Asfaneh Gaillard and her team of the INSERM in Poitiers, France, has successfully repaired part of a brain of a white mouse.
Never until now a brain was repaired like that because of its complexity and the limited knowledge we have of it.
The brain is indeed a very complex organ.
It is composed of neurons that have different functions: for example, neuron vision can’t be used to repair a part of the brain dedicated to movements.
It is composed of areas: for example, the area of language, of the emotions, of movement, of smell or of vision.
Therefore, repairing a brain requires to know which neuron needs to go where.
Then we need to find a way to create the desired neurons and when we will graft them, we need to be very careful to avoid destroying the surrounding areas.
Finally, the graft must be accepted by the recipient.
How proceeded the French team?
Initially, they discovered that some areas were trying to repair damage parts but were stopping to early.
The Franco-Belgian researchers had the idea to stimulate the repair so that it succeeds. For this stimulation, they used embryonic stem cells.
These ones have the particularity to be able to make any specific part of the body.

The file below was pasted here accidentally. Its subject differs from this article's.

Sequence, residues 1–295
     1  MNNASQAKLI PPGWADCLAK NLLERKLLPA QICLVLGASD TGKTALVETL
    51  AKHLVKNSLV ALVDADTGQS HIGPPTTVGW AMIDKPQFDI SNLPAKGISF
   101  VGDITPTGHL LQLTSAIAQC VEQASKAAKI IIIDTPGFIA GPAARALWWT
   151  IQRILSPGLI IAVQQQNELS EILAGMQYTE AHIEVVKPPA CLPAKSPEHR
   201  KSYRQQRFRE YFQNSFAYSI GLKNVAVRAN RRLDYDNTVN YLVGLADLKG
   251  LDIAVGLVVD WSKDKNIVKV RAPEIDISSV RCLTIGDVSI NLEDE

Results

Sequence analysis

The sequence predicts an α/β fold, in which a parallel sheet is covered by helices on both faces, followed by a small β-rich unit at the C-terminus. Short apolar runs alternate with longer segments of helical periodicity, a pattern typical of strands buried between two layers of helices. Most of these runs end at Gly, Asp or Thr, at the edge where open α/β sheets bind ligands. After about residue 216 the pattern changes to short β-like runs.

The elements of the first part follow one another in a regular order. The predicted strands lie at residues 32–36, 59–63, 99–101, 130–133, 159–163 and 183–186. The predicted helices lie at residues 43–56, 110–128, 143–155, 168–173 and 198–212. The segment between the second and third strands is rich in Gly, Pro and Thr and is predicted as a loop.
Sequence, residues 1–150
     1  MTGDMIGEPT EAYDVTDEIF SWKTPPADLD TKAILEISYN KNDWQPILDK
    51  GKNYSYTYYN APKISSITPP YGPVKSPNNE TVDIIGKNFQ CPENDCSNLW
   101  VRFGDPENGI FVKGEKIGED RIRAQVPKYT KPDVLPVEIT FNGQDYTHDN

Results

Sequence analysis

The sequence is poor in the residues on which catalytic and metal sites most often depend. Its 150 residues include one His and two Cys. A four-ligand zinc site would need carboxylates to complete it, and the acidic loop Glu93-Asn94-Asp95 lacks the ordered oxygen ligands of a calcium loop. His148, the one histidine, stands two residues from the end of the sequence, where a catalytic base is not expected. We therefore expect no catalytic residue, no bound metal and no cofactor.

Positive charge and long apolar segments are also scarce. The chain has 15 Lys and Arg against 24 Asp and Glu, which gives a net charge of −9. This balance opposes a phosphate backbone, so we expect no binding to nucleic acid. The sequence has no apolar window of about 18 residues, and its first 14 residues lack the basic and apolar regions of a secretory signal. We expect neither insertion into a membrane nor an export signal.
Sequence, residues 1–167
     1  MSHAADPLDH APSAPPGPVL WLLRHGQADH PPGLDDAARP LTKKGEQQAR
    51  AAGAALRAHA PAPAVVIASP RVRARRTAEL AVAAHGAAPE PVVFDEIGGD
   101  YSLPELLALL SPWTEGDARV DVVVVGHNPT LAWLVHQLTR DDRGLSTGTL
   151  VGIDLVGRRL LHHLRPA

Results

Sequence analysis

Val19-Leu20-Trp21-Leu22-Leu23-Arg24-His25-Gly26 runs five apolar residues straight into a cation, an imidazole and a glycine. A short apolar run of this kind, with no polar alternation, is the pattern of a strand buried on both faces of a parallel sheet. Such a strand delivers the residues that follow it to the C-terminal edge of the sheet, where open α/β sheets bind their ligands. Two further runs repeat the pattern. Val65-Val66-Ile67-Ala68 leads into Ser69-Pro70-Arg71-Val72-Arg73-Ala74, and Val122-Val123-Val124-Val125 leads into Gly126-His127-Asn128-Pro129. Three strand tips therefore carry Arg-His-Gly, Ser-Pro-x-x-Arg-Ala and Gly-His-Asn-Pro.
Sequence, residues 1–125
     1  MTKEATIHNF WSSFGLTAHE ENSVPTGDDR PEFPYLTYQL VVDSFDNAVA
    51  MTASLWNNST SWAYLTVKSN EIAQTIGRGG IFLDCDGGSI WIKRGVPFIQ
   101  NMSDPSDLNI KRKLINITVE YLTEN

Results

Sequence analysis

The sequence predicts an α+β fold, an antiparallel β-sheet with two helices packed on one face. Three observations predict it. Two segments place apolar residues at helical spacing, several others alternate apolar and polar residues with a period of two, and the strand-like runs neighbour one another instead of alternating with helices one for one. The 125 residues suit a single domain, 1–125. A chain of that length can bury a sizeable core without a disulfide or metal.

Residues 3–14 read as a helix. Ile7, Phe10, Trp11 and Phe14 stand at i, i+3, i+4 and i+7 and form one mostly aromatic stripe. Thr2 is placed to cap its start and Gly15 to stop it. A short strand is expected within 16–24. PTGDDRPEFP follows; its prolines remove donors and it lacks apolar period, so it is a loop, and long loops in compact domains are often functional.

After a year, they found that 61% of the animals were repaired and returned to their normal functioning visual cortex: the mice had regained the vision!
For some others however, tumors appeared or undifferentiated cell clusters emerged: the development of stem cells it is done haphazardly.
Tests are only starting.
It will need to know how to guide the healthy development of stem cells and understand the environment in which they operate, what influences them to get exactly the desired neural cell.
Then, nothing says that its success will thus be applicable to man: the human brain is much more complex than then one of the white mouse.
In all cases, this discovery is a fantastic step forward in therapy of diseases associated with neurons, such as Alzheimer's or Parkison.